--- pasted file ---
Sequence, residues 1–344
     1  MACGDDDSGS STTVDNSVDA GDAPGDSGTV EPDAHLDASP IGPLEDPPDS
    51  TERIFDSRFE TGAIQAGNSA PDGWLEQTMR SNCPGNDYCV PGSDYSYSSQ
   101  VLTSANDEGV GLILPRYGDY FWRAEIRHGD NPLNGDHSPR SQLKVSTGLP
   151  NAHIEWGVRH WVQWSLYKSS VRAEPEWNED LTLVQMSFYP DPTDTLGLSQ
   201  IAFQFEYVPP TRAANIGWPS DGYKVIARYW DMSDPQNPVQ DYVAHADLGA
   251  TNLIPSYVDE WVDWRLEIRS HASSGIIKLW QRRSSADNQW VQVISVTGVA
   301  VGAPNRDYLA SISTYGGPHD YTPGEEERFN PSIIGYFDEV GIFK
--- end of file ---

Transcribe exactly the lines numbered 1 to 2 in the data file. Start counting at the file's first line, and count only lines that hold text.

Sequence, residues 1–344
     1  MACGDDDSGS STTVDNSVDA GDAPGDSGTV EPDAHLDASP IGPLEDPPDS